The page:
Consolidating school districts pros cons

Recker expects significant savings by reducing duplicated services such as transportation and administrative expenses.

Arcadia, for example, employs two principals and one superintendent.

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The average in administrative costs, statewide, is 21 cents for each dollar spent, although districts vary from 11 cents in Lakewood, near Cleveland, to 68 cents in Jefferson Township in Montgomery County.

Looking at it another way, earlier this year, the Thomas B.

“In most cases taxes go up in the ‘losing’ district,” Ebright said.

Ebright thinks the goal of merger proponents is to have one county-wide district in each of Ohio’s 88 counties.

But exactly how much might be saved won’t be known until the commission completes its work – assuming voters give the go-ahead for its completion.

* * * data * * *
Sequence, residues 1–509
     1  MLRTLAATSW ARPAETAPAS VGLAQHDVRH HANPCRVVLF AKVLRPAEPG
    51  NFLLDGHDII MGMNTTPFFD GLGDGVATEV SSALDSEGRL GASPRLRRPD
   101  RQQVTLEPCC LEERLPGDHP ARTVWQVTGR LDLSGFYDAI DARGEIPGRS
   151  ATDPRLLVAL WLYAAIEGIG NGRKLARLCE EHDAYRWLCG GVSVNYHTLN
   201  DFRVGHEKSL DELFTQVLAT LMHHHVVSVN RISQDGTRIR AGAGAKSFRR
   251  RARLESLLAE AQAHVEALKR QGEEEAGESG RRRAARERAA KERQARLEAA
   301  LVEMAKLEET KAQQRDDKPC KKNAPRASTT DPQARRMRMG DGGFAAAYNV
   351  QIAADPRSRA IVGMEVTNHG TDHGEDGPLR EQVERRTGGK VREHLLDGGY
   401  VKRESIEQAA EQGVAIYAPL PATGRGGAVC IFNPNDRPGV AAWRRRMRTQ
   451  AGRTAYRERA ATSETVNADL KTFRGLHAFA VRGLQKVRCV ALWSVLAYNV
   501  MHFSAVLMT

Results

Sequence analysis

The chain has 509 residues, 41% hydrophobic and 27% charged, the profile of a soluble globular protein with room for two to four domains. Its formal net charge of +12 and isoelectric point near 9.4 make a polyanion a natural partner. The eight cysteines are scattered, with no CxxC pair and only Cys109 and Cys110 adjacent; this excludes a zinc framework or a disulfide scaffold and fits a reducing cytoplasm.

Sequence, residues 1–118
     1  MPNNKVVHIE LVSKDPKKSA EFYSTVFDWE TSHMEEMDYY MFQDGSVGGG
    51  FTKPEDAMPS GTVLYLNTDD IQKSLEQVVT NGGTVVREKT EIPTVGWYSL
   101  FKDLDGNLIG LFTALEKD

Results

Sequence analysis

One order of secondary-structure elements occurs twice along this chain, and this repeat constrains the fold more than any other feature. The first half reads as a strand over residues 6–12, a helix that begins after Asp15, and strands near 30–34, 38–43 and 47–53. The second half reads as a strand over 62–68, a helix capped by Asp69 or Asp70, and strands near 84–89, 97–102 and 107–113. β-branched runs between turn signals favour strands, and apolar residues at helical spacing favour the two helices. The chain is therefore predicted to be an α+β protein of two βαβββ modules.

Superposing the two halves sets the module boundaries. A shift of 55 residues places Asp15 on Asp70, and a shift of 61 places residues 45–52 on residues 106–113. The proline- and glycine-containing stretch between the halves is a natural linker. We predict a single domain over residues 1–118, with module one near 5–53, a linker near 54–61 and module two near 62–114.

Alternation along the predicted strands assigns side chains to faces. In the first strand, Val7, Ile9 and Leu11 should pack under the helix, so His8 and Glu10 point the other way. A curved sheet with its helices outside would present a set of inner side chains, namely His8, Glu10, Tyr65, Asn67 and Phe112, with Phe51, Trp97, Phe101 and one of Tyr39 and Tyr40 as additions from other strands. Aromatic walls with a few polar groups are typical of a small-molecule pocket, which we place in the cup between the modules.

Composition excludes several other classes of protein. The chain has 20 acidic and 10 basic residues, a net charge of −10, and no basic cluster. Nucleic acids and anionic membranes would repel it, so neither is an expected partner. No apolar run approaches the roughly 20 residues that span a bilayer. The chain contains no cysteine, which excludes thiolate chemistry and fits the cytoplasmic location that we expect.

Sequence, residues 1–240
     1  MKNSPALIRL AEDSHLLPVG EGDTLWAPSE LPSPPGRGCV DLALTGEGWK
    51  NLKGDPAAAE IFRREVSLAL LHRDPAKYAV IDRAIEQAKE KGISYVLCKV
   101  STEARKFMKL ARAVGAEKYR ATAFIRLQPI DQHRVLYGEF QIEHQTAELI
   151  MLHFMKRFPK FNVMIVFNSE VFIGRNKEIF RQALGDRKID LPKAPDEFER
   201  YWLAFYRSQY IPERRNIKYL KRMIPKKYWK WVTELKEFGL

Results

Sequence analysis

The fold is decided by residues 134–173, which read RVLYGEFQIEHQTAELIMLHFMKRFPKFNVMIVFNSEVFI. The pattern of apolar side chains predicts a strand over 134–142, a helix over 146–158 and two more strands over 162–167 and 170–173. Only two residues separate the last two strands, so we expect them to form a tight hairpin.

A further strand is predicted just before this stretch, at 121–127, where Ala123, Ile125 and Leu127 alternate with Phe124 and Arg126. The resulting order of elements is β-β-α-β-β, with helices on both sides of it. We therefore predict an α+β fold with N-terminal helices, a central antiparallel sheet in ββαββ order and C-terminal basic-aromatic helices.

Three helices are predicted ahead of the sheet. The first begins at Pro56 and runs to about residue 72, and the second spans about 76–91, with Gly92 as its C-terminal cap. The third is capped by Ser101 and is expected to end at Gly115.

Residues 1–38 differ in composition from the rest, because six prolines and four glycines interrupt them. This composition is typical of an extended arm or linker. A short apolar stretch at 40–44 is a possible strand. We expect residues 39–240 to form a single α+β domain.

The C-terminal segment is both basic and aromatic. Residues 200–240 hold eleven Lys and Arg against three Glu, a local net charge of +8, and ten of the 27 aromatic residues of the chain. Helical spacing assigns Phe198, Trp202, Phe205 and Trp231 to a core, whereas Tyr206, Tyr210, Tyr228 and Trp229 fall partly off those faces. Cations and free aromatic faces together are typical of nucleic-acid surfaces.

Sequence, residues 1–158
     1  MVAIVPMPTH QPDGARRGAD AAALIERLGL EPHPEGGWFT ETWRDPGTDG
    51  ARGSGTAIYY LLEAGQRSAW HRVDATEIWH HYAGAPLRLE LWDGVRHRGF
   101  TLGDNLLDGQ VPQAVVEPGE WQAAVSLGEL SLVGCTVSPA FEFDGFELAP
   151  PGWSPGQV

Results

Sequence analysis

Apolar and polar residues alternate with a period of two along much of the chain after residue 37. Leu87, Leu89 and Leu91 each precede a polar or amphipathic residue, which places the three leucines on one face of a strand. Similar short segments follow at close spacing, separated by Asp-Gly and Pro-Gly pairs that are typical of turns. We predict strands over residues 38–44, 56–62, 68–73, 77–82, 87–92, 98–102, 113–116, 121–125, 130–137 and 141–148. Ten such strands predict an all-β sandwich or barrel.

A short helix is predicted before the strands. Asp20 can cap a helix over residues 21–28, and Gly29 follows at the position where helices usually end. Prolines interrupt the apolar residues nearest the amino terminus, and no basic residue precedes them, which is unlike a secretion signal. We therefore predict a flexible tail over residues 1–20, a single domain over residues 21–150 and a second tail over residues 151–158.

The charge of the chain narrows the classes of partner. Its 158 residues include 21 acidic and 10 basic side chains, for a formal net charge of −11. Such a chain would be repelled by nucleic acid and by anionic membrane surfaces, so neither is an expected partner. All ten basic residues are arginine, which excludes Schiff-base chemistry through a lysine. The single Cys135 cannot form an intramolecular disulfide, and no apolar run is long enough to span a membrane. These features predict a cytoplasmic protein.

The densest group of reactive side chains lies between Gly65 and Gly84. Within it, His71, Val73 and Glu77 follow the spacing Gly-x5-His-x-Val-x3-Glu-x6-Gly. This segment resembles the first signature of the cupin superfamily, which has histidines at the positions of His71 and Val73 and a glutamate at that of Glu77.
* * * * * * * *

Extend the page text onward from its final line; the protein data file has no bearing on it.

Even then, voters still must formally approve a merger in another vote.The districts in Rittman and Orrville have consolidated several top administrative positions, including the superintendent and treasurer, to save money.But such efforts are so rare as to be mostly non-existent and the question remains whether Ohio needs – and state tax dollars ought to be used to maintain – 600 school districts for its 1.8 million students.He used Licking County, a rural-suburban district east of Columbus of about 160,000 residents with 10 public school districts, including Granville, an upscale community with good schools and a high tax rate.“If everyone in Licking County wanted what Granville has, it’s going to take dollars to do it,” he said.Districts are trying to balance budgets by cutting non-instructional costs and asking taxpayers for more money to try and avoid layoffs of teachers, even though classroom personnel are, by far, the greatest expense facing schools.

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